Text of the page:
Martin Peters, the West Ham United and England footballer, has died at 76, his family announced in a West Ham United statement on Saturday.
“It is with profound sadness that we announce that Martin passed away peacefully in his sleep at 4.00am this morning", Peters' family said in its statement.
"A beloved husband, dad and grandad, and a kind, gentle and private man, we are devastated by his loss but so very proud of all that he achieved and comforted by the many happy memories we shared."
"The 1966 World Cup winner passed away peacefully in his sleep in the early hours of Saturday morning, following a long and courageous battle with illness," West Ham United said in a statement.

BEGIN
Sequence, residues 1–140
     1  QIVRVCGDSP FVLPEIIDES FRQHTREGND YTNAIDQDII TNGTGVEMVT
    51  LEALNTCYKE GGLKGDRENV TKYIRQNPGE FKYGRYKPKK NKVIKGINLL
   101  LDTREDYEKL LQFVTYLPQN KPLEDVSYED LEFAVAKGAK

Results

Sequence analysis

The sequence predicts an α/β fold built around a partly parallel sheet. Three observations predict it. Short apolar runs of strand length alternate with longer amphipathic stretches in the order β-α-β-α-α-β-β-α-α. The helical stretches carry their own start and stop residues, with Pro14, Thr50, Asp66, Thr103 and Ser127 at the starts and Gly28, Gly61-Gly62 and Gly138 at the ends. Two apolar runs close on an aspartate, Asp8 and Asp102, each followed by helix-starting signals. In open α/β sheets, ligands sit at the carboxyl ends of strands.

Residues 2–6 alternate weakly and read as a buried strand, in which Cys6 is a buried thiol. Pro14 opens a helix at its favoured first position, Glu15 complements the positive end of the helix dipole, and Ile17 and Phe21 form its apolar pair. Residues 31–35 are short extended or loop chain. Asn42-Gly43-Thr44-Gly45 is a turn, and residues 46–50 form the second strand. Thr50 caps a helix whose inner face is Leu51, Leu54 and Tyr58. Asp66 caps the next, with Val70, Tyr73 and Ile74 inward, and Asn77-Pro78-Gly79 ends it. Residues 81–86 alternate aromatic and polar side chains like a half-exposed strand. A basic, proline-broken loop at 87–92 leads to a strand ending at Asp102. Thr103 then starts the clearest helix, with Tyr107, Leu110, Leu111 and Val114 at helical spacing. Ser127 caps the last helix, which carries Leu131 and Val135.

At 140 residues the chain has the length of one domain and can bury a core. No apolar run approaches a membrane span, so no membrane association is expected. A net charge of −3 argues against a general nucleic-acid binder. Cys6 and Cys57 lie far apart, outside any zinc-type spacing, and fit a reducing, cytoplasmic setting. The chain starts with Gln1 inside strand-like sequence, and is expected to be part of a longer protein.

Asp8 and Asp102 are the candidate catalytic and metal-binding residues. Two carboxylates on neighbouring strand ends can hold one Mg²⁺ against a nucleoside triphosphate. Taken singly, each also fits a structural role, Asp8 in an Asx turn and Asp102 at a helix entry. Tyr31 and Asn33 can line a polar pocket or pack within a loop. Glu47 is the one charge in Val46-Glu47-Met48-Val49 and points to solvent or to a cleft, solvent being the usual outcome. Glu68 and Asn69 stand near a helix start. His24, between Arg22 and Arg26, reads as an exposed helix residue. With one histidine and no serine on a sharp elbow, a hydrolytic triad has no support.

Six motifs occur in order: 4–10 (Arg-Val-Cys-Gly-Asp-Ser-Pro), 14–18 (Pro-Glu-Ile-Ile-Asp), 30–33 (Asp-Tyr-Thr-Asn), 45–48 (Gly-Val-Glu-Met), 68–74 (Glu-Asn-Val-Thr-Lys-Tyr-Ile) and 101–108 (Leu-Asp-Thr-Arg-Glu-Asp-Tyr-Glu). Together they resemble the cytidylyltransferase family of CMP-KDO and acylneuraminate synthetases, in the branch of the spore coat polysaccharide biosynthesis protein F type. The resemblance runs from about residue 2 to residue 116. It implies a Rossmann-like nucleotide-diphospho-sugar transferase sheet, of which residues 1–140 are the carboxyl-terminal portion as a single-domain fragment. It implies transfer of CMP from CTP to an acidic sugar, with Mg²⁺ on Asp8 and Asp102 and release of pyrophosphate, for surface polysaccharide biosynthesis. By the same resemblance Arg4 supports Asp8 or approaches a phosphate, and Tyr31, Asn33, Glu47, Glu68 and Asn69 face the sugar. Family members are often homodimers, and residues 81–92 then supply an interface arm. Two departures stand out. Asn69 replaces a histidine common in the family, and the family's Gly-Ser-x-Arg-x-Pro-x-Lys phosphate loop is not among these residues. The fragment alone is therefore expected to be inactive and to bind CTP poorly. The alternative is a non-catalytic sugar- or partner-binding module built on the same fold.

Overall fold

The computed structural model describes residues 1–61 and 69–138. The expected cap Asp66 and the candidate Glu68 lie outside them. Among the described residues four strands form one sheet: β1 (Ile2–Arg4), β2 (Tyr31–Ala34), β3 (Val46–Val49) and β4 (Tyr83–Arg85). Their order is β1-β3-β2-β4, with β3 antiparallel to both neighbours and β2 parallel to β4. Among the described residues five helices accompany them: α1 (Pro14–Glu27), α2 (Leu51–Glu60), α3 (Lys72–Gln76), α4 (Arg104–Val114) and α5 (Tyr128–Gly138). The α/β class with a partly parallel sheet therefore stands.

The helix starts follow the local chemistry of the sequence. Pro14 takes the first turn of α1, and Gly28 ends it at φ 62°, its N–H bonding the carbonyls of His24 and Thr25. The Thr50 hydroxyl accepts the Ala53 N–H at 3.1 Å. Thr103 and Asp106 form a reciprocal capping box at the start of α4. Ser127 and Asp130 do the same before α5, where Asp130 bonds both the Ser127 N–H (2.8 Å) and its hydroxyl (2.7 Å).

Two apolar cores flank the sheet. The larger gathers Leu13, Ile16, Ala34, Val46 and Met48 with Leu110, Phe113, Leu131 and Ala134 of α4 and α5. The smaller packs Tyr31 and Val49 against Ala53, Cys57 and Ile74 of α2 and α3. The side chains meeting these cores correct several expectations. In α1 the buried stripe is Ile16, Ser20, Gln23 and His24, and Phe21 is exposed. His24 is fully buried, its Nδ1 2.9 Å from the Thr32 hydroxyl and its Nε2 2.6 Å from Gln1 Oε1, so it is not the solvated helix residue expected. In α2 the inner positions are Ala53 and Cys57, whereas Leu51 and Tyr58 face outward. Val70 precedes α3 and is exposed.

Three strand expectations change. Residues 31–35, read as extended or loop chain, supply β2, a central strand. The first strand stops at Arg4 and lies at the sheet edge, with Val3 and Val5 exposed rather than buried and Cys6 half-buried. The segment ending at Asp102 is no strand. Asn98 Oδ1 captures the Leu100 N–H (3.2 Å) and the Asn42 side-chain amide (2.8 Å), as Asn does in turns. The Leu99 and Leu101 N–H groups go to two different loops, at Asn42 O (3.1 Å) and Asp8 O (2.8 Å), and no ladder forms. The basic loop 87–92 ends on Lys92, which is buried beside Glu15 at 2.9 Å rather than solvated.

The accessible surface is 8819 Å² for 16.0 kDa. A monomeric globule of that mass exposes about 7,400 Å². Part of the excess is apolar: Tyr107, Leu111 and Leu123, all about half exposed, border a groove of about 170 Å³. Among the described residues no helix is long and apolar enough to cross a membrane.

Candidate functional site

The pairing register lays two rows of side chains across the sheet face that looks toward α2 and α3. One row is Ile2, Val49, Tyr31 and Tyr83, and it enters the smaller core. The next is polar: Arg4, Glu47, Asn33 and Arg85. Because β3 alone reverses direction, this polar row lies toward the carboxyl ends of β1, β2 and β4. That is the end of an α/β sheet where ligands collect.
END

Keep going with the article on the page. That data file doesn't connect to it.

Martin Peters, born in Plaistow, Essex in 1943, was a member of the England football team which won the FIFA World Cup in 1966.
He played for West Ham United, which he had joined in 1959 as a 15-year-old apprentice, as well as for Tottenham Hotspur, Norwich City and Sheffield United, which he briefly managed.
Peters, who played in both the 1966 and 1970 FIFA World Cups, retired in 1981.
In 2016, Peters was diagnosed with Alzheimer's disease.
West Ham United football club praised Peters as a "legendary Hammer" and said: "He is the fifth member of English football’s greatest-ever team now sadly lost - along with Alan Ball, Ray Wilson, Gordon Banks and his fellow West Ham Academy hero and great friend, Bobby Moore."